In the mid-2000s, when all the wise people in my life were telling me it was a bad idea, I started day trading.
I had done mounds of research so I was totally prepared to trade my strategy. My days were busy so my trading options were limited, but I was convinced I could make it work.
And it did. I watched for signals, dutifully placed trades in my broker, and patiently waited for them to play out.
I wasn’t making FU money with my strategy, but I had set very realistic goals for myself and I met them.
I could reasonably tell someone I was a “consistently profitable trader” at a social gathering with a straight face and mean it.
For the next few years, I focused on improving my strategy, scaling up my position size, growing my account, and learning as much as I could.
The intuition I developed over these years was incredibly valuable and couldn’t possibly be distilled into a set of rules to backtest.
And I believed that with every ounce of my being.
Meanwhile, at AT&T where I was working at the time, there were oodles of manual processes and as a systems guy, all I could see was inefficiency. Everywhere.
I was automating the crap out of every process I could, and becoming a dang good programmer as I was doing it.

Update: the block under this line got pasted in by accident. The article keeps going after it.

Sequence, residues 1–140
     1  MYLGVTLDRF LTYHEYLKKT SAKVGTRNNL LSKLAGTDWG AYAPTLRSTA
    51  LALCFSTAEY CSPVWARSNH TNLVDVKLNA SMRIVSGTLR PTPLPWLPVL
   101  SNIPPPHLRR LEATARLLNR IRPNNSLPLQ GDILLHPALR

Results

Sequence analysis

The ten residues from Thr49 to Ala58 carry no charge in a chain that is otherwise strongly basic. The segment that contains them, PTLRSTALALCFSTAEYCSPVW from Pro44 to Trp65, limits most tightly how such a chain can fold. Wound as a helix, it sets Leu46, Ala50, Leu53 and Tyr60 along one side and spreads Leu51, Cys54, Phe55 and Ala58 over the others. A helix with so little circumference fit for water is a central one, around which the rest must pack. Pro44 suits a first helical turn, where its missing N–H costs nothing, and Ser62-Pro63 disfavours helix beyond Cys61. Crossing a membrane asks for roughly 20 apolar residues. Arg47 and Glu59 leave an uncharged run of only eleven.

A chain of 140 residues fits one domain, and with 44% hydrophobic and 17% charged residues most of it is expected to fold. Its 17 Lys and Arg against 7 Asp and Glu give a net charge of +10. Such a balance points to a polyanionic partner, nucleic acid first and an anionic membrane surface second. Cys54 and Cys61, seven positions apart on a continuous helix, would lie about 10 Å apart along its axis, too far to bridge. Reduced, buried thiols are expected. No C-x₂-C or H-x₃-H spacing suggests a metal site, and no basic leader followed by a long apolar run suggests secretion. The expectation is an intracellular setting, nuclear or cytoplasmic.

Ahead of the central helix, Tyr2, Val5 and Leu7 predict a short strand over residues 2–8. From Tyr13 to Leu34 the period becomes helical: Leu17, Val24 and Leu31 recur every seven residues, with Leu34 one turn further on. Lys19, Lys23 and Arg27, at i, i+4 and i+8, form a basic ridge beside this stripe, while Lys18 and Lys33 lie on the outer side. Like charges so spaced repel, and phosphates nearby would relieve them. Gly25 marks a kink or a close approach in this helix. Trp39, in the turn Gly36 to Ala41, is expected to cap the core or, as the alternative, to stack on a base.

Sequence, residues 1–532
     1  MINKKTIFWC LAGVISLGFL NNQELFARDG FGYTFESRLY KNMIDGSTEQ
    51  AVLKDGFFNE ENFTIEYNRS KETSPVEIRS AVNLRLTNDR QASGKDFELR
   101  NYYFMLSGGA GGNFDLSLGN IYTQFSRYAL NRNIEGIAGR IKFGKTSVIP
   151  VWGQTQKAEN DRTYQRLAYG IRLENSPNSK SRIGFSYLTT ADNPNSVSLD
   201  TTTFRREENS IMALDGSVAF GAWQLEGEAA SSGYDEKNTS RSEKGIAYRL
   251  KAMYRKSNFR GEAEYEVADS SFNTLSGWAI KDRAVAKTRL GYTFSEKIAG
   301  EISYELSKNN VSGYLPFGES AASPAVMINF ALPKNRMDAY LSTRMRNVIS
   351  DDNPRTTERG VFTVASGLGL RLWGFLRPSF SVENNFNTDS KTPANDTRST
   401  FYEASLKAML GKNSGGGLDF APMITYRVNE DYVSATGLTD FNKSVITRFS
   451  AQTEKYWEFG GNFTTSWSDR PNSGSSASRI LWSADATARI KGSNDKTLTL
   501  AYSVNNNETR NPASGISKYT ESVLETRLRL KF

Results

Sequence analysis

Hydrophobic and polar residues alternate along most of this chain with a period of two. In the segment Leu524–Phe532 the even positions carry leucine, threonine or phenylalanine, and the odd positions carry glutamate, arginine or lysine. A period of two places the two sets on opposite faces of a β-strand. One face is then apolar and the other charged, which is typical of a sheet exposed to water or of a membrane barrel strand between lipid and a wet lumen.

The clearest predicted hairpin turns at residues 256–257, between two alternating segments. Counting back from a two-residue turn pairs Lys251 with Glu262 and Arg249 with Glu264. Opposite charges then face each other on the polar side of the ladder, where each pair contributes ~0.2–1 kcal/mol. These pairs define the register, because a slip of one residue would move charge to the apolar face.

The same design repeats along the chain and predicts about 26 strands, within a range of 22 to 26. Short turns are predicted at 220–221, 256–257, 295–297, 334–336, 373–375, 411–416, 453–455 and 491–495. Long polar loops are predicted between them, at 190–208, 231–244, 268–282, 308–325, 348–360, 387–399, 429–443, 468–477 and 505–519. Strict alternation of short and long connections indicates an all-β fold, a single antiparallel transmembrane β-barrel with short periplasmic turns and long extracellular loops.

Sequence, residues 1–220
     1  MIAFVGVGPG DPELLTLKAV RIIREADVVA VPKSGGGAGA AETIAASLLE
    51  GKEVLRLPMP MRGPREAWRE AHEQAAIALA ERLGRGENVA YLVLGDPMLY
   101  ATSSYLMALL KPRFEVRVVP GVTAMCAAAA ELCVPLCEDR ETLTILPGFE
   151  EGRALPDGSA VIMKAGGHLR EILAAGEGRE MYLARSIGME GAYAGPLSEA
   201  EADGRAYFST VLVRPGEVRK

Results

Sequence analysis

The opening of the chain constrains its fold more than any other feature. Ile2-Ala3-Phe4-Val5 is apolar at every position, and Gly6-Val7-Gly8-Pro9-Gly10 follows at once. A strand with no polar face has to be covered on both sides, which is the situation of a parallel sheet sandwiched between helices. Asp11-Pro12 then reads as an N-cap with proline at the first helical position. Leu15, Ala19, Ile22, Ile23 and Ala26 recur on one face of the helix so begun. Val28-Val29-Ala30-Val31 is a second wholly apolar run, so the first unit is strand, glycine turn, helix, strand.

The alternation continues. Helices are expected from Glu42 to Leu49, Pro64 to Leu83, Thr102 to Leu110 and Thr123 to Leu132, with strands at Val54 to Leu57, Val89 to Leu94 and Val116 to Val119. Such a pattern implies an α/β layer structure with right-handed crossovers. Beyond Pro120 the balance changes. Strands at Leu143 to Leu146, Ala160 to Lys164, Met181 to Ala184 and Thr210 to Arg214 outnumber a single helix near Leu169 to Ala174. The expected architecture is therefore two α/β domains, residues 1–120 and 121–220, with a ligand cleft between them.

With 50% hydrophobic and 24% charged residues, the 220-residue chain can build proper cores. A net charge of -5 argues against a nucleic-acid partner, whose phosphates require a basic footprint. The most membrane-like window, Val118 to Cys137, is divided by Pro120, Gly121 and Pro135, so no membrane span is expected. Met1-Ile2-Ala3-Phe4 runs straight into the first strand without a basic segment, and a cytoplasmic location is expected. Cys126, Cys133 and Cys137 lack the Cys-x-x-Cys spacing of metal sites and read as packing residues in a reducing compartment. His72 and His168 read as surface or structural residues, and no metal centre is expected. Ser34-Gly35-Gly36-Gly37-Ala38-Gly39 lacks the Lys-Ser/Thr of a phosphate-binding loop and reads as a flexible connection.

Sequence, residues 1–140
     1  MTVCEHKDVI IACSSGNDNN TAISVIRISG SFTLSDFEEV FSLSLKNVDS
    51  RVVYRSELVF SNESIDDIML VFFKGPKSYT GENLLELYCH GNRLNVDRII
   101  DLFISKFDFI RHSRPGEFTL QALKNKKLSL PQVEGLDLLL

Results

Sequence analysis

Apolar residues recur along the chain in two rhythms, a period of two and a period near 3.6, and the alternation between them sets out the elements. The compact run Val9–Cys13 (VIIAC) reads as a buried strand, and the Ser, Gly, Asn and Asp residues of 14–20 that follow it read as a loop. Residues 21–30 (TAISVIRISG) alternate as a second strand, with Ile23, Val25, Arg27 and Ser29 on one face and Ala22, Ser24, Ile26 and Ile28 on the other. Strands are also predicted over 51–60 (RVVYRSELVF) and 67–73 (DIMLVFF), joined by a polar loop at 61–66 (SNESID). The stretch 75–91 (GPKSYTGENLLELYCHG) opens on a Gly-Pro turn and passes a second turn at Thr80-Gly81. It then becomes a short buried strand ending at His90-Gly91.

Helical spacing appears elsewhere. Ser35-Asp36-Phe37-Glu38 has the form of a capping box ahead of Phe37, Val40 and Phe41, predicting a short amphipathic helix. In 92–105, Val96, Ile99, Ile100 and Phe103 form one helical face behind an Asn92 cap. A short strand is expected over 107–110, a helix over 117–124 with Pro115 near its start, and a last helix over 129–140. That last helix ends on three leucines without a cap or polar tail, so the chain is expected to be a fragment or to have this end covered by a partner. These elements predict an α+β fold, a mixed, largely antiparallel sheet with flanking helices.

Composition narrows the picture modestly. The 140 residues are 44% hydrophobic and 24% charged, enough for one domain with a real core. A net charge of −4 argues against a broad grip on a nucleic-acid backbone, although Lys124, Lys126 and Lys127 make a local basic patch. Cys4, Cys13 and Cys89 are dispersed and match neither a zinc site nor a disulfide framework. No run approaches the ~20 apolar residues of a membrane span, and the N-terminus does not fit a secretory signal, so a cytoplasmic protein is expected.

Could I apply what I was learning about automation to my trading strategy? Maybe.
But the nuances of it and my discretion were the key to my strategy’s success. Perhaps I could cobble together a crude backtest for my strategy, but could I create something that would improve upon it? Impossible.
Or so I thought.
I finally decided “Why not?” I’d learn a ton just creating the backtest and I’d likely learn something to eventually apply to my manual strategy.
So I coded it up, ran the backtest, and exported the trades to Excel.
It took less than 5 minutes of very rudimentary analysis in Excel to realize my precious trading discretion was not nearly as precious as I thought.
It actually sucked compared to my very first backtest.
From that moment on I knew was a quant trader.